Liturgical Colour : Green
Dear brothers and sisters in Christ, all of us are reminded today through what we have heard in our Scripture passages of the need for us all to remember that we are the people of God, as Christians, as all those who have believed in the truth espoused and revealed to us through Jesus Christ, our Lord and Saviour, and how we have received the assurance of eternal life and salvation through Him. All of us have to put our faith and trust in Him, and not be easily swayed by worldly temptations and other things which may often end up as obstacles and barriers preventing us from truly being faithful to God, as we should.
In our first reading today, we heard of the words of St. Paul the Apostle in his Epistle to the Church and the faithful in the city of Galatia, as he spoke to them regarding how the people of God having received the freedom from slavery through Christ, have been freed from the slavery of sin. He made the comparison with the case of the two sons of Abraham, in which he used this metaphor to highlight the difference between the past lives of the people of God, chained by sin and their past evils, and the new way of Christ and His saving grace, the salvation and new life which God offers to all those who believe in Him, and the path that He has called on everyone to follow.
The two sons of Abraham mentioned, Ishmael and Isaac, were born to two different mothers. Ishmael was born as the son between Abraham and Hagar, the slave of Abraham’s wife, Sarah, and he was conceived because Abraham and Sarah was kind of faltering in their faith in God, when they probably thought that it was impossible for them to have any son in their old age, as Sarah was then already way past childbearing age. Hence, as how the tradition went at that time, the wife could legally become the mother of a child born to her slave and her husband. Hence, Sarah gave Hagar as a means for her husband Abraham to have a son. But this was not what the Lord intended to happen.
Instead, as the Lord Himself had said and promised, He would gave a son to Abraham and Sarah, not through any other intermediary, but through Sarah herself. What man might consider to be impossible, is possible for God. That was how God fulfilled His promises to Abraham, giving him a son, the one He had promised, in Isaac, the son between Abraham and Sarah. Sarah gave birth to Isaac in her old age, and through that, God reminded us all of His love and providence, and how His path is superior and better to whatever plans and ideas we may have in mind. Abraham and Sarah thought that by utilising the slave Hagar and her son Ishmael, that could provide an heir to Abraham, but that was not what God intended.
That is why, St. Paul used this as a comparison and metaphor to make it clear to the Galatians, especially to the Jewish converts to the Christian faith, who at that time were still following their old customs and ways, which were man’s constructs, and which was a corrupted and deviant version of the original Law of God. If we have been following the discourse of St. Paul to the Galatians in the past few days last week, we can clearly see how the Galatian faithful were divided, especially among racial and religious lines, between the Jews and Gentiles, and also between those who were slaves and those who were free, and even those who were rich and poor. These divisions should not happen in the Church of God.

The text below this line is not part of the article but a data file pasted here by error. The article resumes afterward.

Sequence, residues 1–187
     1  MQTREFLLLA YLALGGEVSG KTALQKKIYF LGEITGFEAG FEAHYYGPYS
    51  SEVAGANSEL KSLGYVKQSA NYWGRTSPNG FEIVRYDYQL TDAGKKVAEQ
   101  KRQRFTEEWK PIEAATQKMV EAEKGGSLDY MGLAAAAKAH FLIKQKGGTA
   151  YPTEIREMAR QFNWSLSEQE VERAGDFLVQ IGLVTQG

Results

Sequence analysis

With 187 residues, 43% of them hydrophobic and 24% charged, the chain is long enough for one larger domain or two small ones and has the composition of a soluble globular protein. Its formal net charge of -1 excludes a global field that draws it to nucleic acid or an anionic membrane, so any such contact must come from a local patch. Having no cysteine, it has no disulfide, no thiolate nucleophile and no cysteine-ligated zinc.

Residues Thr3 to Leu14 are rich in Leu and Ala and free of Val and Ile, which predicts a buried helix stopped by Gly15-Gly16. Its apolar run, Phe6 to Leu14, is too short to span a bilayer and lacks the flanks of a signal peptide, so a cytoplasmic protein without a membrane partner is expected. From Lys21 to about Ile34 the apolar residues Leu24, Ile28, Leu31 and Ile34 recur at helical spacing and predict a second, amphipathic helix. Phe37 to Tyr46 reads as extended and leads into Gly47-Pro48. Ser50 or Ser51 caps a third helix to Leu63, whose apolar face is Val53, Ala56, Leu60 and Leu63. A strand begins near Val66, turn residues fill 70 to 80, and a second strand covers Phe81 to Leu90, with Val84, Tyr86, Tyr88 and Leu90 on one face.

In our Gospel passage today, we then heard of the Lord Jesus speaking to His disciples and to the people, many of whom still doubted Him and refused to believe in Him, telling them all that those who have seen His miracles and wonders, heard His wisdom and truth, and yet failed to believe or refused to have faith in Him were truly stubborn. That even the Queen of the South, the Queen of Sheba, came to believe in King Solomon of Israel for his wisdom and greatness, and there was One greater than Solomon there before the people, the very Son of God Himself, appearing in the flesh before the assembled people, showing His truth and wisdom before all.
When the Lord said this, He meant that salvation is intended for everyone, that even people from afar will come to believe in Him and in His message of truth, and everyone who believe in Him will be saved, not just the exclusive right of the Jewish people only. Even the Jews themselves would not be saved if they refused to believe in Christ and His truth. What matters is not their birth or race anymore, but their faith. The Lord has brought His New Covenant and established it anew with all of us, by the suffering and death that Christ Himself suffered on the Cross. Through that, God has gathered us all to Himself, and led us all the assurance of eternal joy and glory with Him.
Brothers and sisters in Christ, what all these reminded us is that, each and every one of us as Christians, members of God’s Church all ought to put our faith and trust in Him, as well as changing our ways and manners of life. Each one of us are expected to turn away from wickedness and evil, to sin no more and to live our lives virtuously and free from the taints of evil and wickedness from now on. We are all called to embrace the Lord wholeheartedly, and to love Him unreservedly, dedicating ourselves to His cause, believing wholly in His message of truth and love, now and always.
May the Lord our most loving God and Father continue to bless us and guide us in our lives so that in everything we say and do, we will always obey His will and do whatever is right and just that we may truly be worthy of Him. May God strengthen each one of us in our resolve to serve Him in each and every moments of our lives and at every opportunities possible. Amen.